The Minute Book
Saturday, 19 October 2013

Oldest vs. Senior
Topic: Tradition

From the cover of Sentinel 1974/5, A Centurion tank of the Royal Canadian Dragoons passes through a town in the Federal Republic of Germany during a NATO exercise.

Oldest vs. Senior; Precedence and Component

The Canadian Armed Forces Magazine Sentinel, in their Volume 10 (1974), Issue No. 5, made the following statements in an article on the Royal Canadian Dragoons.

Canada's Senior Armoured Regiment

The Royal Canadian Dragoons, Canada's oldest permanent force cavalry regiment, was formed just over 90 years ago on December 21, 1883, in St. Jean. P.Q., as the Cavalry School Corps.

These seemingly innocuous statements resulted in two letters to the editor, in each case with further editorial reply. These are presented below, and well illustrate the long and often repeated debates in both the armoured and infantry corps regarding regimental seniority, and the complications of precedence dictated by component.

"Oldest" Controversy

As published in Sentinel, Volume 11 (1975) , No. 1

I do not wish to split hairs, but your article in Number 5, Volume 10 of the Sentinel uses the words "senior" and "oldest" as though they were synonymous.

The RCD are indeed Canada's senior Armoured (and senior Cavalry) Regiment; however, they are not the oldest. That distinction belongs to the 8th Canadian Hussars (Princess Louise's) who were formed as a Regiment in 1848 from eleven independent cavalry troops, the first of which was raised in 1825. I refer you to CFSO 43/72 and to Hansard of 4 April 1973.

J.R. Beveridge (Col.)
CFB Suffield
Ralson, Alberta

Director of History, W.A.B. Douglas, confirms that the date of formation of 8 CH was established as April 4, 1848. The date was officially recognized when CFSO 43, published Feb. 4, 1972 corrected the organizational date of the regiment, previously listed as Jan. 3, 1866. Thus 8 CH began as The New Brunswick Yeomanry Cavalry of the N.B. Militia.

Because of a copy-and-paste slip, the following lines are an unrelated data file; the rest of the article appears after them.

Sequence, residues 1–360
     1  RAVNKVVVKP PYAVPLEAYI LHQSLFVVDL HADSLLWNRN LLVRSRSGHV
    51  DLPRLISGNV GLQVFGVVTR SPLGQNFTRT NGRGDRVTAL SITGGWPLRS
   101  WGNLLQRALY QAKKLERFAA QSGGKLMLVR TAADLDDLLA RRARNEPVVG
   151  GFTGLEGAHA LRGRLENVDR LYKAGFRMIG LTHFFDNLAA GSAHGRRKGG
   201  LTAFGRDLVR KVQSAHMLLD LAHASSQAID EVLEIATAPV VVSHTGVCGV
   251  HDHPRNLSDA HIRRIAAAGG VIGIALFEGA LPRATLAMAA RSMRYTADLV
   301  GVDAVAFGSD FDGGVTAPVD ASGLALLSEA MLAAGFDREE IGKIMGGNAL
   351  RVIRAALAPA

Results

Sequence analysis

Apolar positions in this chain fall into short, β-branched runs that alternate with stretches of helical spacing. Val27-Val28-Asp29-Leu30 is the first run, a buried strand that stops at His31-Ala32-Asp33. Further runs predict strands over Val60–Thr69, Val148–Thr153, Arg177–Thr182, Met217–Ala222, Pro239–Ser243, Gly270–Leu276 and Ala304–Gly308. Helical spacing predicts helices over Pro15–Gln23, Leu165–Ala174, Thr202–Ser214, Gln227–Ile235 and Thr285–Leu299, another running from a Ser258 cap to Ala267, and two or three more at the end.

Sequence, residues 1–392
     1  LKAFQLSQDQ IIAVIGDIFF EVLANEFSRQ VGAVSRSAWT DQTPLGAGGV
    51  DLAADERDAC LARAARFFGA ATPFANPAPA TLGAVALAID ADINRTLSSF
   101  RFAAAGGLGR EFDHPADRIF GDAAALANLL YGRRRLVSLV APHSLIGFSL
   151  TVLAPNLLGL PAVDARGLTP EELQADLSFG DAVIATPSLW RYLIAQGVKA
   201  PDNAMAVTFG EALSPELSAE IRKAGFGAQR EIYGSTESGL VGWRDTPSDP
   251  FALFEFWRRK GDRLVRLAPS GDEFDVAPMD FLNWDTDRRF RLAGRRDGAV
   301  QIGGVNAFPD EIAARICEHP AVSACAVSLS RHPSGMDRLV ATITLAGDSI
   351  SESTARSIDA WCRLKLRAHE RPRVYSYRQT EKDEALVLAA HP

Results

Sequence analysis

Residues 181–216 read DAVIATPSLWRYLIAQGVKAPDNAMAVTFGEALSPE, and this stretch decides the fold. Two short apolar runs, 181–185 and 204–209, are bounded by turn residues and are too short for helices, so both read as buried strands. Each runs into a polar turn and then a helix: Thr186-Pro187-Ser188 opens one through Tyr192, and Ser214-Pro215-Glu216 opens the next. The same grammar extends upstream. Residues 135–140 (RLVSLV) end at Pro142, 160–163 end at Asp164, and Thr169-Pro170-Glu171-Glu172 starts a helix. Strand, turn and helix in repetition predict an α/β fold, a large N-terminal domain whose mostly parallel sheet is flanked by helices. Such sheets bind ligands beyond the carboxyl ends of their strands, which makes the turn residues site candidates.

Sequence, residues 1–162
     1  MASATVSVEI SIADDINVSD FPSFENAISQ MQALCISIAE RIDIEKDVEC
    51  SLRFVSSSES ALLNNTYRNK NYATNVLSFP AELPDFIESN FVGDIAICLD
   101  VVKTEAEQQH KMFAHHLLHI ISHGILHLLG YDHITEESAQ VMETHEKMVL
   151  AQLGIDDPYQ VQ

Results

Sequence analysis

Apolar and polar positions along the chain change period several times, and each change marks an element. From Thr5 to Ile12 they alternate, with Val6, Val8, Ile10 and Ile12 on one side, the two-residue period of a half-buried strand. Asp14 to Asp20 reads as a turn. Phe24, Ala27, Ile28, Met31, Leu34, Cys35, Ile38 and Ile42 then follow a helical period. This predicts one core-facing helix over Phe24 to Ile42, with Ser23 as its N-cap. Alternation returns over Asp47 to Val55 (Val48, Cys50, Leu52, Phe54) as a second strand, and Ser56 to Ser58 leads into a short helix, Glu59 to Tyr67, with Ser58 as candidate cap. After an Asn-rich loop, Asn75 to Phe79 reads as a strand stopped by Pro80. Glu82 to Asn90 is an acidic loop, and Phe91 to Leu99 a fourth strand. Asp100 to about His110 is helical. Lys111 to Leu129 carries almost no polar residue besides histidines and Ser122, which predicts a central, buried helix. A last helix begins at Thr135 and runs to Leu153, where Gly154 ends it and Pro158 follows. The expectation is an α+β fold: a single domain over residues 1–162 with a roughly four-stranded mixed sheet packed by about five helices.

The Director of History points out that the date of formation is not the only consideration in determining a regiment's position in the order of precedence. So 8 CH takes the "left of the line" to LSH and RCD, because as a regular unit it only dates from Jan. 29, 1957, while the other two regiments were regulars from their formation on July 1, 1901 and Dec. 21, 1883, respectively. — Editor.

RCD Guidon

The Guidon of the Royal Canadian Dragoons (above) and the Standard of the Governor General's Horse Guards (below), as seen on the Directorate of History and Heritage page for Colours:Armoured Regiments. (See the DHH page for larger versions.)

GGHG Standard

Senior Shock

As published in Sentinel, Volume 11 (1975) , No. 4

I was amazed at the statements made both by Sentinel and Col Beveridge (1975/1), under the illusion that the RCD and the 8CH are the senior regiments of this country. I am shocked that neither of you knew this was an accomplishment of the Governor General's Horse Guards in Toronto. This honour was awarded to the Governor General's Body Guards on 27 April 1866, General Order No. 1 states this fact. Therefore, the regiment is the SENIOR regiment of either armour or cavalry, and the GGHG provides mounted escorts for ceremonial occasions with a full squadron of cavalry. The only claim to fame of the RCD's is that they are the senior regular unit.

A note worthy to add, if you check the CFAO's is that the GGHG is the only Canadian cavalry or armoured unit to parade a Standard. The RCD and 8CH carry only Guidons. This tradition is copied from the British who only allow the senior regiment to parade a Standard.

E. Heidebrecht (O/Cdt)
Toronto, Ont.

(Officials in Ottawa's Directorate of Ceremonial advise that the senior armoured or cavalry regiment in the Forces is the RCD, as regular regiments take precedence over militia regiments. However, the senior militia regiment of cavalry is the Governor General's Horse Guards, as by tradition Horse Guards take precedence over other cavalry regiments, in this case, the older 8 CH.

The statement that the British only "allow the senior regiment to parade a standard" is, of course, wrong. The Life Guards, The Blues and Royals, and all regiments of Dragoon Guards are authorized a standard, as was the 4th Princess Louise Dragoon Guards of Ottawa before its disbandment. The GGHG is authorized a Dragoon Guards type of standard, not a Household Calvary standard. — Editor)

Canadian Army Battle Honours

Posted by regimentalrogue at 12:01 AM EDT

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